What Makes the Best Office Christmas Party?

It’s the time of year when businesses across the country start having their annual Christmas party (or nondenominational holiday party). These can be fun or boring, awesome or lame, wild or mild, depending on several things. Those things include time, location, gift expectations, guest status, duration, and food selection and alcohol selection.

I’ve been to a handful of work Christmas parties, and the enjoyment has varied depending on each of those things. So with that in mind, let’s discuss the optimal selections for each category. The biggest caveat with this whole list, by the way, is how bosses participate. If the boss(es) show up, are relaxed, don’t care about how people drink, covers the tab, then leaves before things really ramp up, that’s the best possible outcome. But if your boss is overbearing or tries to insert themselves into the social balance too much, things can take a dive. But assuming you have a boss that knows how to have a good time without making people uncomfortable, these are your best options for a great office Christmas party:

Time

Worst Time: Lunch
Best Time: Late Afternoon

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Timing is important in so, so many facets of life, and that includes extracurricular work functions. Lunch is the worst time unless everyone is allowed to leave right after the party. But even then lunch suffers because if there are drinks being served, you’re going to have a tough decision to make: Do you keep drinking, knowing you’ll end up hammered by 6:00 and hungover by bedtime, or do you relax a bit, get some electrolytes in you, and continue at a modest pace later on? There’s just too much that can go wrong.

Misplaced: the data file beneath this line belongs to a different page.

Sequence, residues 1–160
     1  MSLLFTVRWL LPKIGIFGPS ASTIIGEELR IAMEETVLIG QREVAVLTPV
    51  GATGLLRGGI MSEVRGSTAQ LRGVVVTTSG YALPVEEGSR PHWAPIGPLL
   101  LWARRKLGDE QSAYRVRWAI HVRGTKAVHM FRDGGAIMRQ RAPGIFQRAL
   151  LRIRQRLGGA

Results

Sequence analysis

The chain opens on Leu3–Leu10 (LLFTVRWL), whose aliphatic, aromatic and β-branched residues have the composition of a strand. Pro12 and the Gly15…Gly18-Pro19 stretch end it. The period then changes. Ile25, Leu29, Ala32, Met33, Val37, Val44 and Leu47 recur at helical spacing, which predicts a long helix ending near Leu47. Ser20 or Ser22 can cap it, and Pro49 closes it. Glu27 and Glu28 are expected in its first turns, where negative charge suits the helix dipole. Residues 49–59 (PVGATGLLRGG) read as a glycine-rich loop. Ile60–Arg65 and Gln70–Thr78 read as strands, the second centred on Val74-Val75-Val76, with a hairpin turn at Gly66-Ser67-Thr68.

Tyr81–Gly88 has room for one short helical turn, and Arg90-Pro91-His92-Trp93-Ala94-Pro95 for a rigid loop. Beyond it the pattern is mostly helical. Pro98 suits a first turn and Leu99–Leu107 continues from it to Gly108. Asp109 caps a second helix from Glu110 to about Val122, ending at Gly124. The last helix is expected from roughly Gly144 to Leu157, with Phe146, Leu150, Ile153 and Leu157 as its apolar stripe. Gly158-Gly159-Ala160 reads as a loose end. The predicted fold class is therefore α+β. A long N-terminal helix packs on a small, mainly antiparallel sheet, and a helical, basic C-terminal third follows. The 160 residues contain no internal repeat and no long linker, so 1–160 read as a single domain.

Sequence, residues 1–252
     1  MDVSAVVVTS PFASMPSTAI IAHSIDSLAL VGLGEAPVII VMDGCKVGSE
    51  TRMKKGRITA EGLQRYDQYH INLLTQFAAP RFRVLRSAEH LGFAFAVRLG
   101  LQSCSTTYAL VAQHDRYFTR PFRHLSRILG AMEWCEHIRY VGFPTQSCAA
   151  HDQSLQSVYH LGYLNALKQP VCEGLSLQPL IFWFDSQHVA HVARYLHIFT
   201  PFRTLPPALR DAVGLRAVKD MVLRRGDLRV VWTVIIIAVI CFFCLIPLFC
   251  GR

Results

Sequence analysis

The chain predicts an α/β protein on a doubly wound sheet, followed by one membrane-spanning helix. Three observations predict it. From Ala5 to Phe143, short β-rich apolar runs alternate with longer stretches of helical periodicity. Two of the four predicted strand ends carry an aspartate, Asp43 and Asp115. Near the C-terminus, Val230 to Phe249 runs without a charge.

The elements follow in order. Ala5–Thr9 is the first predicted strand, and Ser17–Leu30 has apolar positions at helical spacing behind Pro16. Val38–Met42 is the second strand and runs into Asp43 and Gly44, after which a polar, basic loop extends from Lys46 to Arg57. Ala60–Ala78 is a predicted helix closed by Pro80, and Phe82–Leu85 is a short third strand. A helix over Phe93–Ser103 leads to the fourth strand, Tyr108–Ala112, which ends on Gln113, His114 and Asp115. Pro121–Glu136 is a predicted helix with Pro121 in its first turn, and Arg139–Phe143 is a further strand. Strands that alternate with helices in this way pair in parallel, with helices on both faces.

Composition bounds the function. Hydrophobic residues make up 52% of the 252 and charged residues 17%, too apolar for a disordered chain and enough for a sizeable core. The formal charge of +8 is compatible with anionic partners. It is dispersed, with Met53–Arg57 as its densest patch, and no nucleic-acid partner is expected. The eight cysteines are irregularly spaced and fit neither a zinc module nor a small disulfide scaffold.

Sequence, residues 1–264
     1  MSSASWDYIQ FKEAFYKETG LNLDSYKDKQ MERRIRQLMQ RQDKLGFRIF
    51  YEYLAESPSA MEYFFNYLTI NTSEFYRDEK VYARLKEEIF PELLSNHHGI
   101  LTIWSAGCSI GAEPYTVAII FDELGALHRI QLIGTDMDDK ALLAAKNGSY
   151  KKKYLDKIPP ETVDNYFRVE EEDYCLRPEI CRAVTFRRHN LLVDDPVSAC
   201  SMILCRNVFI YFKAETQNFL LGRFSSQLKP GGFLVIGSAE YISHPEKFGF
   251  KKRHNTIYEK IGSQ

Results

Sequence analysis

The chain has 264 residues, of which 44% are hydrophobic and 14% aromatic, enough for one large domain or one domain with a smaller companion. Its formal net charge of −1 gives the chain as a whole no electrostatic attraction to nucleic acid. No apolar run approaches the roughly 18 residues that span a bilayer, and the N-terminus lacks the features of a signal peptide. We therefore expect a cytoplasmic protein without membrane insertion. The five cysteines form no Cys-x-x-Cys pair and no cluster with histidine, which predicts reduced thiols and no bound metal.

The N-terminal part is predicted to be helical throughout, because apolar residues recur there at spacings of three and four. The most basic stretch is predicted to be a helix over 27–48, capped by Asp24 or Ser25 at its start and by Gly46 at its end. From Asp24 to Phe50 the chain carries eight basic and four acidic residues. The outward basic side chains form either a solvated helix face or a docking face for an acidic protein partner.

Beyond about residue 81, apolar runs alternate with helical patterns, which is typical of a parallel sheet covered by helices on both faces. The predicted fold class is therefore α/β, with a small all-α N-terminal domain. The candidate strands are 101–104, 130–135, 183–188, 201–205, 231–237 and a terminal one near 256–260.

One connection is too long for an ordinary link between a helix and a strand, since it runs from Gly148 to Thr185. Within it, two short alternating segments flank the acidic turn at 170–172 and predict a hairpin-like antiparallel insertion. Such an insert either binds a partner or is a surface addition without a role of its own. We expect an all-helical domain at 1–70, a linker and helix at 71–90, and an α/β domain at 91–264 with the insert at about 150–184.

Similarly, after working hours into the evening has its pitfalls. If you’re anything like me you don’t want to leave work, go home, kill about 45 minutes, then turn around and drive to some place where you’ll meet the exact same people you just spent all day with. Some folks will have changed clothes, others will still be in work stuff. Some will have brought families if that’s allowed, some will not have been able to. And then by the time things are finished, it’s time to go home and go straight to bed, especially if the party is during the week.

But late afternoon solves both of these problems. My favorite Christmas party start time is 4:00. That’s enough time to get to wherever the part is being held (if it’s away from the office) before it gets too crowded, and you’ll be able to hang out for a few hours and still be home in time for dinner. You don’t have to worry about changing clothes or going out of your way to do anything crazy. Essentially you’re getting out of work a bit early but also staying a bit late but it doesn’t matter because you’re drinking and avoiding rush hour traffic.

Location

Worst Location: Restaurant At Least a 15-Minute Drive From the Office
Best Location: Private Room Within Walking Distance of the Offic

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This will vary a bit from city to city, but wherever you are, location is important. I used to work in a skyscraper in downtown Dallas and it was easy to find great places within walking distance of our building. In fact, some fraction of the fun of the Christmas party was leaving at the same time as a few other people and walking back to the parking garage together. It’s nice because you don’t have to worry about moving your car or finding parking or anything like that.